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Phased withdrawal of U.S. troops from Afghanistan sharpens focus on CPEC

An U.S. soldier keeps watch at an Afghan National Army (ANA) base in Logar province, Afghanistan File photoAn U.S. soldier keeps watch at an Afghan National Army (ANA) base in Logar province, Afghanistan File photo | Photo Credit: REUTERS
Atul Aneja09 MAY 2020 12:13 IST
UPDATED: 09 MAY 2020 12:13 IST

China, Pakistan engaged in firmly pegging Afghanistan with CPEC, say analysts

The impending withdrawal of U.S. troops from Afghanistan is sharpening the focus on the second phase of the China Pakistan Economic Corridor (CPEC), which appears to have been fused with a larger regional plan involving Afghanistan and Central Asia.

Analysts point out that while working together on the second phase, China and Pakistan are engaged in more firmly pegging Afghanistan — the gateway to Central Asia — with CPEC.

Unhappy with CPEC’s anaemic progression after early 2017, the Chinese have apparently put their foot down, exhorting cash-strapped Pakistan to take some key decisions. Pakistan’s The Dawn newspaper has reported that there have been allegations that the CPEC’s stewardship has effectively shifted from civilians to the military, following the appointment of a retired general as the head of CPEC Authority, the nodal organisation running the project.



Gen. Asim Saleem Bajwa — a former head of the Inter-Services Public Relations (ISPR), was appointed Chairman of CPEC Authority in November last year. On April 28, he also became Special Assistant to Prime Minister Imran Khan on Information and Broadcasting. By doing so, the military had openly positioned itself as the fount of decision-making on CPEC.

“The Chinese always wanted the military to be in charge of running CPEC, as they were seen as more efficient and less corrupt,” a Chinese academic who did not wish to be named told The Hindu.

Read: Editorial | A big, bad deal: On U.S.-Taliban agreement

The Dawn report further elaborated that senior politician Asad Umar was roped in as Pakistan’s Planning and Development Minister “on Chinese insistence,” after his return to Cabinet was announced in November. It further added that the first visible sign that CPEC had been rebooted emerged in November when the 300-megawatt Gwadar coal-fired power plant was inaugurated.

The Pakistani military’s stewardship has gelled with the decision that a large number of phase-2 projects would be rooted in Baluchistan — a strife-torn arid zone in the cross-hairs of an insurgency marshalled by groups such as the Afghanistan-based Balochistan Liberation Army (BLA). Pakistan has accused India of backing BLA.

Pakistani media reports say that phase-2 CPEC undertakings are likely to include the $9.2 billion Peshawar to Karachi railway project. Besides, three Special Economic Zones (SEZs) — Rashakai, Allama Iqbal Industrial City and Dhabeji — would be at the heart of the phase-2 rollout meant to attract foreign investment and reverse Pakistan’s de-industrialisation.

In 2018, China and Pakistan had announced their intent to extend CPEC to resource-rich Afghanistan — a move that would link the landlocked country with Gwadar port, the starting point of the project, which terminates in Kashgar in China.

“China has a larger vision of its engagement with Afghanistan, which is also driven by strong geoeconomic considerations. Afghanistan’s huge reserves of copper, and rare earths, including lithium — the feedstock of the batteries and new energy vehicles, is a major driver of China’s long-term engagement with Afghanistan,” says P. Stobdan, former Indian ambassador to Kyrgyzstan, in a conversation with The Hindu.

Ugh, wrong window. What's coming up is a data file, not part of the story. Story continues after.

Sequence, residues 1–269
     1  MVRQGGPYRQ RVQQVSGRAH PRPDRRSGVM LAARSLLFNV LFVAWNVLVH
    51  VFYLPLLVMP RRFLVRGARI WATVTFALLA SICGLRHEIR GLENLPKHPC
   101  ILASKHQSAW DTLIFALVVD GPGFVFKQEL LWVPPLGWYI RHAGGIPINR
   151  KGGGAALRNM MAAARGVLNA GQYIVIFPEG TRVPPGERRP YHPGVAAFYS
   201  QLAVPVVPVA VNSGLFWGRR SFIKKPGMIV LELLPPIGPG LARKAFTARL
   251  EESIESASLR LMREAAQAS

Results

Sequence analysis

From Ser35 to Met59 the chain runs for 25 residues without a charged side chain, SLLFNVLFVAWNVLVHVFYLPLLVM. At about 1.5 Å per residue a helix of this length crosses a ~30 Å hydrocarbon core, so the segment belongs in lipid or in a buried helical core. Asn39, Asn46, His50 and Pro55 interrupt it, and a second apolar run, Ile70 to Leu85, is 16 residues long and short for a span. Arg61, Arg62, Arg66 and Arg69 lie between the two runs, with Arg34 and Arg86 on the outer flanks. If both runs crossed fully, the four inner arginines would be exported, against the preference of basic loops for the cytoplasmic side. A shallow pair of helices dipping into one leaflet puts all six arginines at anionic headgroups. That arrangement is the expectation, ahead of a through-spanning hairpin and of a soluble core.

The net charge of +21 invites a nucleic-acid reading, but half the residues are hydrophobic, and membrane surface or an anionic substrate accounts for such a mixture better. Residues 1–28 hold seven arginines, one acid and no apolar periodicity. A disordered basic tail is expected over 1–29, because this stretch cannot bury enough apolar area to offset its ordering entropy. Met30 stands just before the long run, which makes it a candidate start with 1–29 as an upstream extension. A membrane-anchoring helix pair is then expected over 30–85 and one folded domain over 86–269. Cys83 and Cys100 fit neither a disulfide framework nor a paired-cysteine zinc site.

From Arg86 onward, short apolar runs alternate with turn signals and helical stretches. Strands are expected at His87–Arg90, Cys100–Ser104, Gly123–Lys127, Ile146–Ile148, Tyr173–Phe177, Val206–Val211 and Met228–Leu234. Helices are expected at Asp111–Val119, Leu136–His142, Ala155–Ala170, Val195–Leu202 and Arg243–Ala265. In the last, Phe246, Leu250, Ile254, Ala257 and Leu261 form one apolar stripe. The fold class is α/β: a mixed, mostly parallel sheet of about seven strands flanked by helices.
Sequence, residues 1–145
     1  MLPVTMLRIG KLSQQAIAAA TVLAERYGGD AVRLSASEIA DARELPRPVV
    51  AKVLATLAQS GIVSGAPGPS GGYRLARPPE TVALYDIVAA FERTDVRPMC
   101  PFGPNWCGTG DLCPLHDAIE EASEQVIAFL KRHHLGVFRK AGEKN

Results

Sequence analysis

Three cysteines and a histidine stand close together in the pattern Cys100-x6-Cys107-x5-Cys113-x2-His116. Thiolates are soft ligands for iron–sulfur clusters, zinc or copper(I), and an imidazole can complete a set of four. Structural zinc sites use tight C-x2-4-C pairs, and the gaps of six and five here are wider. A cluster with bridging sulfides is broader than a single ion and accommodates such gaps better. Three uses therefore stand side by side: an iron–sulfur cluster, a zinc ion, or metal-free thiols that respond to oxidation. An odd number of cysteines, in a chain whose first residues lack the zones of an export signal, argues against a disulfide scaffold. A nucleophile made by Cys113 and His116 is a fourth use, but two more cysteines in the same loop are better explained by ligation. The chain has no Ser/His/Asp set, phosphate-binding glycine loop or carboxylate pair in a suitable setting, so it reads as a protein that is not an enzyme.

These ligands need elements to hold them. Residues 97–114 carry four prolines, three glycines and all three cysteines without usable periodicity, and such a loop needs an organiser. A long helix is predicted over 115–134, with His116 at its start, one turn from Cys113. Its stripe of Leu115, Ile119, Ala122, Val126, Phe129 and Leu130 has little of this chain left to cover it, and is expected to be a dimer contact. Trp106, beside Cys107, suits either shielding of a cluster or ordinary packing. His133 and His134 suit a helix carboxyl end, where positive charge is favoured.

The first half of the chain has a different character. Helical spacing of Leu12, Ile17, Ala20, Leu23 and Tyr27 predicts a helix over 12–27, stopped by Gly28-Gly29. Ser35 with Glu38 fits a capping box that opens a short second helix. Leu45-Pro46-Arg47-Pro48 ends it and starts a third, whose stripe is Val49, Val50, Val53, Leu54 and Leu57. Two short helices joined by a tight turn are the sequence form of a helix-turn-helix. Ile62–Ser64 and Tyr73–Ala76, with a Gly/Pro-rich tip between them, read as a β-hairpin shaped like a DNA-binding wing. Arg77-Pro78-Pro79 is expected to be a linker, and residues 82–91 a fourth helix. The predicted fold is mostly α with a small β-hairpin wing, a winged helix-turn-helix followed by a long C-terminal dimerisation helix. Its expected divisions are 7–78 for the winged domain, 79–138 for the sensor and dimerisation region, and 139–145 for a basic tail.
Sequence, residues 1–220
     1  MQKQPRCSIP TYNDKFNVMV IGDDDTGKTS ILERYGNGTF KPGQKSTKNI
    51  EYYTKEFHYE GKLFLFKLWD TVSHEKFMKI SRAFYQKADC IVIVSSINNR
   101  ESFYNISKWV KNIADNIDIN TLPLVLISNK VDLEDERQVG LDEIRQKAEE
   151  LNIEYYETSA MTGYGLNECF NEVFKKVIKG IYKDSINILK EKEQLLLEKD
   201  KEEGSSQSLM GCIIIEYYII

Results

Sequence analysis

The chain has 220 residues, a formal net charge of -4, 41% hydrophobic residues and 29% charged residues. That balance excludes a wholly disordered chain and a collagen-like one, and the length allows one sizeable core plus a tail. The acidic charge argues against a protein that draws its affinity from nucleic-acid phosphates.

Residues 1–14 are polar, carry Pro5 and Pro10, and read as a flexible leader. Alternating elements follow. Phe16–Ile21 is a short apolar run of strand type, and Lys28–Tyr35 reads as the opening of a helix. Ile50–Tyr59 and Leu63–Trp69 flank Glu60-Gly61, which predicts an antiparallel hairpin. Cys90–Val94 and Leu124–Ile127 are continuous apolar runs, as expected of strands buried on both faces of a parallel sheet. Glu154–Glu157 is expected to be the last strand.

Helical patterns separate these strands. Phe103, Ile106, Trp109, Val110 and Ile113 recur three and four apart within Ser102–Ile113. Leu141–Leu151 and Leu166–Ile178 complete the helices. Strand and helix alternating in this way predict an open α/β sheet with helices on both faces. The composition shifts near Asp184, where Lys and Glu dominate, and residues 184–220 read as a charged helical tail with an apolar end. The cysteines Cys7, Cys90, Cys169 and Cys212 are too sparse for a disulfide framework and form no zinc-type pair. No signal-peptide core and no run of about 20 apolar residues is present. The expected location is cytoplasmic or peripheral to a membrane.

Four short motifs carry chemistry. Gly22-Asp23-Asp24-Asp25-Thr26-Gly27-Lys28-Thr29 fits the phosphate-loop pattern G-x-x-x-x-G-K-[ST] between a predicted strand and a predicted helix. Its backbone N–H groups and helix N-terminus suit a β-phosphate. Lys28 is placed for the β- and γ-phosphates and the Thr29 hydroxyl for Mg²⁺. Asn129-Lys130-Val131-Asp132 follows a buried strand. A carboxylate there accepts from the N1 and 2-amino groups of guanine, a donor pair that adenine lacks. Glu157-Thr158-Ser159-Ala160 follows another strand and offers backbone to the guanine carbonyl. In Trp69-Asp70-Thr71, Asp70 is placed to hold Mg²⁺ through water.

Chinese investments

China has already made modest investments in Afghanistan, which includes the Aynak copper mine project in 2008 and Amu Darya oil exploration in 2011.

Afghanistan’s access to Gwadar has already been tested. In the third week of January, Diyala, a cargo ship carrying chemical fertilizer, docked in Gwadar. From there, the consignment was moved across by trucks to the Chaman border crossing between Pakistan and Afghanistan. This was done under the Afghanistan-Pakistan Transit Trade Agreement (APTTA), according to a write-up that appeared on the website of the Sydney-based Lowy Institute.

But the Afghans are not putting all their eggs in one basket. Last month, they also received a 75,000-tonne wheat shipment from India, which was routed through Chabahar — an India-run Iranian port on the Gulf of Oman, signalling their intent to diversify usage of trade routes.

In tune with its long-term geo-economic pursuits, China has already experimented with running trains to Afghanistan, linking the city of Nantong with Mazar-e-Sharif, in northern Afghanistan.

“The killing of Osama bin Laden was a benchmark, as it marked the Obama administration’s policy to scale down American presence in Afghanistan. Ever since, China has given more and more importance to its bilateral ties with Afghanistan. China has to plug the resulting vacuum because no one else would. This is necessary to secure the One Belt One Road. Then there are compulsions of safeguarding the China Pakistan Economic Corridor (CPEC). Xinjiang’s stability is another big concern,” Hu Shisheng, Director of the Institute of South and Southeast Asian and Oceanian Studies at the China Institutes of Contemporary International Relations, had earlier told The Hindu.

In view of strengthening the logistical infrastructure along CPEC, Chinese state media announced late last month the construction of a high-altitude airport at Taxkorgan — a county that falls within the Shaksgam valley that Pakistan had ceded to China in 1963. “It will create a new ‘air passage’ leading to Central Asia and South Asia,” China Global Television Network (CGTN) quoted Zhou Xiang, deputy director of Xinjiang’s Civil Aviation Administration, as saying.


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